Is online pornography a blessing or is it a curse for society at large? The simple answer is: NEITHER. Think of it this way. Just because something is available, doesn’t mean we’re forced to use it. Should we ban all alcoholic beverages because for some it has become a problem? How about gambling? Marijuana? Painkillers! Granted, the advent of pornography on the Internet has led to a whole new set of problems for our youth and those who have a tendency to become obsessed (addicted?). Yes, there are images contained in some of the porn that we can easily access via the Internet that many folks may find repugnant, but that doesn’t hold true for all sexually explicit material. I do agree that children should not be allowed to watch porn because they aren’t ready to make informed decisions about such things. Just like they can’t buy alcohol, or Cannabis (where it’s legal), or drive or vote or sign a contract. Of course, some people don’t approve of anything even remotely pornographic. And they have a right to their opinions. So I suggest that they avoid looking at them. If you don’t like Rock music, change the radio station. If you don’t like weed, don’t smoke it. Disapprove of imbibing? Don’t drink! If you don’t approve of same-sex marriage, don’t marry your own sex. Telling others what they should or shouldn’t do goes against the spirit of free will and basic human rights. Obviously, that hasn’t stopped anyone from trying. Some people just think they know what’s good for everyone, and don’t hesitate to go all out to force those beliefs on those of us who don’t agree.
That leaves us with a burning question. How does anyone know what we like until we try it? Some folks have a good idea in advance that they won’t like something because they have gotten information (opinions) from somewhere else. It’s called pre-judging. I’ve seen what alcohol, gambling, drug use, etc. has done to so-and-so and I know that it’s bad. Well, yes. For him or her, it was. For that matter, if you’ve ever seen what happens to someone who was the unfortunate victim of a motor vehicle accident you might not want to ever ride in a car. Is it the same thing? Yes and no. Yes, the results were disastrous. Was there a good reason for getting in that car? Probably, if you want to easily get from one place to another. Aha! When someone takes a drink, aren’t they trying to get from one place to another? You bet. If I have a migraine and take a painkiller, I want to get from agony to relief. Therefore, when someone watches pornography, he/she wants to get from here to there, too. And there is also spelled R.E.L.I.E.F. The Internet just makes getting there easier. Easier and faster. This is where the problem lies in both porn and in cars. Fender benders don’t cause massive injuries or fatalities. So, should we ban all vehicles that can travel faster than 5 MPH? Again, it’s not exactly the same thing…or is it? Just because my car can make it to the 100 MPH mark (and above) doesn’t mean I have to get it there. Just because pornography is available on the Internet doesn’t mean you have to watch it. Oh, I know…what about when the other driver speeds along the same road as I’m on doing 90-100? Well, that is a problem, isn’t it? There is a thing called risk. We all take risks every day. And, as reasonable adults, we know the risks and make informed decisions about when to take them and when not to. One thing, though. I have not seen an example of someone hitting another person on the Internet with their porn. Can I guess what you’re gonna’ say to that? Yeah, I think so. My response would be, if I’m right about this, is: Don’t open an unfamiliar file or click on a link unless you are sure what it contains. Some risk involved? Yes. Could it be deadly? I don’t think so.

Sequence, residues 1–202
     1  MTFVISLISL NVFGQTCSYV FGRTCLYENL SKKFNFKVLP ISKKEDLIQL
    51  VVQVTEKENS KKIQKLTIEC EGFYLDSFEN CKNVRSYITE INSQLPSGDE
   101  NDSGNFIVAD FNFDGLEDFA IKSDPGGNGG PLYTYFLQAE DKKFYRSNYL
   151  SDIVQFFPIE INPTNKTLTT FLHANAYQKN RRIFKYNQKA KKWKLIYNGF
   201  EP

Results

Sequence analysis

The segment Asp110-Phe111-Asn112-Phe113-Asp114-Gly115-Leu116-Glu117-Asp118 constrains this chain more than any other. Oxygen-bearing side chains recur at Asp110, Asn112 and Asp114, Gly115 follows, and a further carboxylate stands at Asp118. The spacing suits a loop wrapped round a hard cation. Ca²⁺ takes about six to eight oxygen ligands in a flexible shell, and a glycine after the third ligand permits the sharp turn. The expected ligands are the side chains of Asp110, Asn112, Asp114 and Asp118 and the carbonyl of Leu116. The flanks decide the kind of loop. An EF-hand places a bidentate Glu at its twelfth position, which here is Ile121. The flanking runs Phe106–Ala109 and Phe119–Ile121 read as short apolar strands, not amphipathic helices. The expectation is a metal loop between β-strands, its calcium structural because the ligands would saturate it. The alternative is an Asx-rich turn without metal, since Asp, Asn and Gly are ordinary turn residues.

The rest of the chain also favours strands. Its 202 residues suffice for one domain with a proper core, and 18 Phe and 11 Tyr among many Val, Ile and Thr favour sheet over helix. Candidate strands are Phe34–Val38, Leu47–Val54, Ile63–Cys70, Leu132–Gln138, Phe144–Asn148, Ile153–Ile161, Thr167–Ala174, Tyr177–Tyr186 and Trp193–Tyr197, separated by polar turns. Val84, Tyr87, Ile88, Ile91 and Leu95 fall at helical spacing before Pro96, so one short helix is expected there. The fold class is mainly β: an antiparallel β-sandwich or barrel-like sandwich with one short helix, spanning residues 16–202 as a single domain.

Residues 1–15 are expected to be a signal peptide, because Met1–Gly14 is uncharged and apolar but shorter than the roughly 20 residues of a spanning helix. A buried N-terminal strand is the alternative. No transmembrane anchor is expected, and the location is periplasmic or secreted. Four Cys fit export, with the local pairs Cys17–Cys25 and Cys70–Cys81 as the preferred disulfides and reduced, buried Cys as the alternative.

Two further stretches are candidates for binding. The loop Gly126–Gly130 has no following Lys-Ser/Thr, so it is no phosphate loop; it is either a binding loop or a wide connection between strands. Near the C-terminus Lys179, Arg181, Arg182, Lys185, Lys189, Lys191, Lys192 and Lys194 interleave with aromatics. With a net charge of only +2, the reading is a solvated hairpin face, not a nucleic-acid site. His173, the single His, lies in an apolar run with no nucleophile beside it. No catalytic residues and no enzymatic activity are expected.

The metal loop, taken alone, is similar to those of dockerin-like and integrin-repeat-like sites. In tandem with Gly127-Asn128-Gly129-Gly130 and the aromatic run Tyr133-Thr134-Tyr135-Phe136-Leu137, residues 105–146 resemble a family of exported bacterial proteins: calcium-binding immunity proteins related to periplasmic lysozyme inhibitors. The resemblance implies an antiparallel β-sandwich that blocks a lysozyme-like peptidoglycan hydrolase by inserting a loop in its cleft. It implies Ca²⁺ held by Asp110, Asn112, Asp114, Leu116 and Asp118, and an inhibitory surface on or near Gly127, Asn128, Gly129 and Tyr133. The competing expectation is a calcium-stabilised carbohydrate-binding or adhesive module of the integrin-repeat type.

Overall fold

Now, here’s a disclaimer. I am not without empathy. In my practice I have seen the damage done by porn addiction and compulsive sexual behaviors. I do a good job of treating those folks, too, by the way. Just like the substance abuse treatment providers do in their practices. Is this a reason to ban all access to pornography online? If you say yes, then I can only ask you to see if the drug and alcohol abuse counselors want to ban alcohol and painkillers from the market. I don’t think that many of them do. And if you find one that does, I hope they have a good explanation for why they do. So, now I’m going to take a guess as to what your next supposition might be. That I advocate for pornography on the Internet because it drums up business for those of us who treat it. Ok. That’s just crazy. First of all, that’s like saying Oncologists advocate cigarette smoking because it sends more lung cancer patients to their offices. But more than that, I don’t restrict my practice to the treatment of addiction to pornography. Yes, it exists and I have had great success in helping my clients overcome it. But if I thought that banning porn on the Internet would prevent it, I would reconsider my views. I didn’t say I would change my opinion, though. I said that I’d reconsider. I just hope it never comes to that. I still prefer free will.